Dr Juliet Vickery

Head of International Research, Conservation Science

Background

I manage a team of scientists undertaking research in collaboration with partner organisations throughout the world. This research underpins conservation solutions for biological diversity at the species, site and habitat level.

Key personal interests are the causes of declines of and potential conservation action required for Afro-Palearctic migrant land birds, the problems relating to the impact of agriculture on biodiversity in temperate and tropical systems and the impact of invasive non-native species on the ecosystems of UK Overseas Territories.

Developing the scientific and technical capacity of partner organisations, particularly in Africa and South-East Asia, is a key part of our international work and is achieved mainly through embedding local staff in field teams, running training courses, supervision of PhD and Masters students and hosting internships.

External Activities

  • 2017 to present: Vice President of the British Ornithologists' Union
  • 2016 to present: Honorary Research Fellow, Department of Zoology, University of Cambridge
  • 2014 to present: Member of the Expert Committee for the Darwin Initiative Grant
  • 2010 to present: Chair of the Public and Policy Committee, British Ecological Society

Partners and Collaboration

  • Dr Stuart Butchart, Birdlife International
  • Prof Bill Adams, University of Cambridge
  • Prof Will Cresswell, University of St Andrews
  • Prof Jenny Gill, University of East Anglia

Contact

Juliet Vickery

Dr Juliet Vickery

Head of International Research, Conservation Science

RSPB Centre of Conservation Science, David Attenborough Building, Pembroke Street, Cambridge, Cambridgeshire, CB2 3QZ

juliet.vickery@rspb.org.uk

@juliet_vickery

Research Gate

Specialisms

Agriculture International species Tropical forests

Selected Publications

The decline of Afro-Palaearctic migrants and an assessment of potential causes

There is compelling evidence that Afro-Palaearctic (A-P) migrant bird populations have declined in Europe in recent decades, often to a greater degree than resident or short-distance migrants. There a...

Date
01 January 2014
RSPB Authors
Dr Juliet Vickery, Dr Steven Ewing, Prof Richard Gregory
Authors
Vickery, Juliet A. and colleagues
Published in
Ibis
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International Identifying problems International species

Identifying mismatches between habitat selection and habitat quality in a ground-nesting farmland bird

Human-induced habitat changes often generate novel or radically altered habitat characteristics, which can impair the ability of organisms to differentiate between suitable and unsuitable sites. This ...

Date
21 July 2011
RSPB Authors
Dr Guy Anderson, Dr Juliet Vickery
Authors
Gilroy, J.J., Anderson, G.Q.A., Vickery, J.A., Grice, P.V. & Sutherland, W.J.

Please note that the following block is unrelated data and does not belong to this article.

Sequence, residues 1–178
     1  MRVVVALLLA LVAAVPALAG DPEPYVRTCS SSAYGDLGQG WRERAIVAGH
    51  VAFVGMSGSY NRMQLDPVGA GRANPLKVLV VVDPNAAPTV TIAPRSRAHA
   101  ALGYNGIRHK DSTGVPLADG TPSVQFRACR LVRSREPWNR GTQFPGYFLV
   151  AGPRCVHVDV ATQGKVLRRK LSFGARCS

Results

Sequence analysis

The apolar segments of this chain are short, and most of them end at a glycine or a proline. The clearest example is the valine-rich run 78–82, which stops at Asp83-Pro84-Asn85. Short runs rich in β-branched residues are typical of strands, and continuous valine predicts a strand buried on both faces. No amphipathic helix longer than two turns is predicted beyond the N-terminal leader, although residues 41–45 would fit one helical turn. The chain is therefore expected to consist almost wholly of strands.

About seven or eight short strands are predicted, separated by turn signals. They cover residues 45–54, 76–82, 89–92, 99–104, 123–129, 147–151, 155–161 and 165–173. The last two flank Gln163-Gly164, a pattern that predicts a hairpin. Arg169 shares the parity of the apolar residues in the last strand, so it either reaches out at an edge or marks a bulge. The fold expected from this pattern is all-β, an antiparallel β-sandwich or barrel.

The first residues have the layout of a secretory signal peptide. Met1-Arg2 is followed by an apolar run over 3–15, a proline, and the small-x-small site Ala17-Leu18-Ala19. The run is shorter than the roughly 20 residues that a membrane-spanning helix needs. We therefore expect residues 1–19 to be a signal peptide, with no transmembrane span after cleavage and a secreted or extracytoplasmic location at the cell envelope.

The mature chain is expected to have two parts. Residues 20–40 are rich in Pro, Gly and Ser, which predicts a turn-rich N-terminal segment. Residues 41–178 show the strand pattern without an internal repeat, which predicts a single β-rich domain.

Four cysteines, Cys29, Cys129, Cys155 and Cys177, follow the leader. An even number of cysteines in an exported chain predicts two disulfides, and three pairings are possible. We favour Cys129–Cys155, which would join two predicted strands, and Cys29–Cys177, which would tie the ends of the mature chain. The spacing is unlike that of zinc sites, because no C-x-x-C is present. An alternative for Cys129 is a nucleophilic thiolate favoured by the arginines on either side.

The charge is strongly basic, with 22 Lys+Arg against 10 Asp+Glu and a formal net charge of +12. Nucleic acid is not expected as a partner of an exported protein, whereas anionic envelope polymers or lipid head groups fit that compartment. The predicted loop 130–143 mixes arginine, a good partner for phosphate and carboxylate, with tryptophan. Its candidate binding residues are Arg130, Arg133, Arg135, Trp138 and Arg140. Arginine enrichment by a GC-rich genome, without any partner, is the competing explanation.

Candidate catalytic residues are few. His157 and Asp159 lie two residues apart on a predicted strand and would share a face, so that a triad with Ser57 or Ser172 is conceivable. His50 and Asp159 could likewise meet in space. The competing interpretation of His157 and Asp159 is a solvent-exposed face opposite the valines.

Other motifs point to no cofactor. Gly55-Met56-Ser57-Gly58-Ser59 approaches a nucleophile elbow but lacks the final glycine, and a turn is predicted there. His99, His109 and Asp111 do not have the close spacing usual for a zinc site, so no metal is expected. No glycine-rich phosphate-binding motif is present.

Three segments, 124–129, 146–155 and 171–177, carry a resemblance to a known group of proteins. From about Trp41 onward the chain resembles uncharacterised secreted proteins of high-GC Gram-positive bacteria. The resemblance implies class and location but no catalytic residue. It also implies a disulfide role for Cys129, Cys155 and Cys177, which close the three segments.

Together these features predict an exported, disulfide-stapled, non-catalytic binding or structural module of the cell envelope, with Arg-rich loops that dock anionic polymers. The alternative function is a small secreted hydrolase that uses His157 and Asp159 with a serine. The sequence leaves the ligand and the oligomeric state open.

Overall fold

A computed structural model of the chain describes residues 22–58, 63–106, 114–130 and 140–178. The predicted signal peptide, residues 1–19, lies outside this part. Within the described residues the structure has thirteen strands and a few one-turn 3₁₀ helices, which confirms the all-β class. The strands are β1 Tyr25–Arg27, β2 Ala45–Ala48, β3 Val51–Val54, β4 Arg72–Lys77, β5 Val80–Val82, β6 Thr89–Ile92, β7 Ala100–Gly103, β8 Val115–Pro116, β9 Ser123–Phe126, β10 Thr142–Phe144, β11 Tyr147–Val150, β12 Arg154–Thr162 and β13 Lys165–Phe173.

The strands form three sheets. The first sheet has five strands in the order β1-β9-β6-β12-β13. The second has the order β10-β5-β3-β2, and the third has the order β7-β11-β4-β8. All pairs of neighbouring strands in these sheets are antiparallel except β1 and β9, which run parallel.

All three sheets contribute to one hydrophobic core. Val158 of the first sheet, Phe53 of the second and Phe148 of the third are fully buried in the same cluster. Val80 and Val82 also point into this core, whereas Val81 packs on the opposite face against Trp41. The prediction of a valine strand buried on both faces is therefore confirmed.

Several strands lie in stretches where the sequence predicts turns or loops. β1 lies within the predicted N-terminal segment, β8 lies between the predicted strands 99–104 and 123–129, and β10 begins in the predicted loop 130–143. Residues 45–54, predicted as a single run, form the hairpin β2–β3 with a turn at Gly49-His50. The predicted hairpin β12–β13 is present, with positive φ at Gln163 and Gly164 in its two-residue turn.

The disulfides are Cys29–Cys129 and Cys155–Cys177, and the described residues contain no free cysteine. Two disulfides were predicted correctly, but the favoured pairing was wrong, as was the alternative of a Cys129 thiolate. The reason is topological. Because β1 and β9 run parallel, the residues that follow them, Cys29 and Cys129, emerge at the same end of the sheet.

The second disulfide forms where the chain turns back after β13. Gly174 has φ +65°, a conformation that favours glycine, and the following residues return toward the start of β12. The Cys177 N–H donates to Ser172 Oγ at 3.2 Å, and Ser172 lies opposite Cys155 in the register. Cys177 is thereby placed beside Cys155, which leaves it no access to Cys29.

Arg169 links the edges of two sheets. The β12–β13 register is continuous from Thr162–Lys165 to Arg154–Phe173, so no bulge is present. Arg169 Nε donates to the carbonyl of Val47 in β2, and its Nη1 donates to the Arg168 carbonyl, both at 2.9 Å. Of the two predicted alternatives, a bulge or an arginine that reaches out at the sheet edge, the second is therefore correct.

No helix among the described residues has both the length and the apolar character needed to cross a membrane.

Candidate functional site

Published in
Animal Conservation
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Yellow wagtail England Agriculture UK species

Eradication of invasive mammals on islands inhabited by humans and domestic animals

Non-native invasive mammal species have caused major ecological change on many islands. To conserve native species diversity, invasive mammals have been eradicated from several islands not inhabited...

Date
05 November 2011
RSPB Authors
Dr Steffen Oppel, Dr Juliet Vickery, Dr Mark Bolton
Authors
Oppel, S., Beaven, B.M., Bolton, M., Vickery, J. & Bodey, T.W.
Published in
Conservation Biology
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International International species

Global Coverage of Agricultural Sustainability Standards, and Their Role in Conserving Biodiversity

Worldwide, agriculture is a leading cause of habitat loss, soil erosion, pollution, water-stress, and greenhouse-gas emissions. Smallholder farmers struggle to make a living in markets distorted by subsidies and inequitable trading relations, and problems of child and slave labor persist.

Date
20 September 2016
RSPB Authors
Dr Fiona Sanderson, Dr Juliet Vickery
Authors
Andrew Balmford, Graeme M. Buchanan, Stuart H. M. Butchart, Heather Ducharme, Rhys E. Green, Jeffrey C. Milder, David H. L. Thomas, & Ben Phalan
Published in
Conservation Letters
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Agriculture

Farmland Biodiversity and the Footprint of Agriculture

Using farmland birds as a model system, we present a generic risk assessment framework that accurately predicts each species' current conservation status and population growth rate associated with past changes in agriculture. We demonstrate its value by assessing the potential impact on biodiversity of two controversial land uses, genetically modified herbicide-tolerant crops and agri-environment schemes. 

Date
19 January 2007
RSPB Authors
Dr Juliet Vickery
Authors
S. J. Butler & Norris K.
Published in
Science 315 381-383
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Farmland Agriculture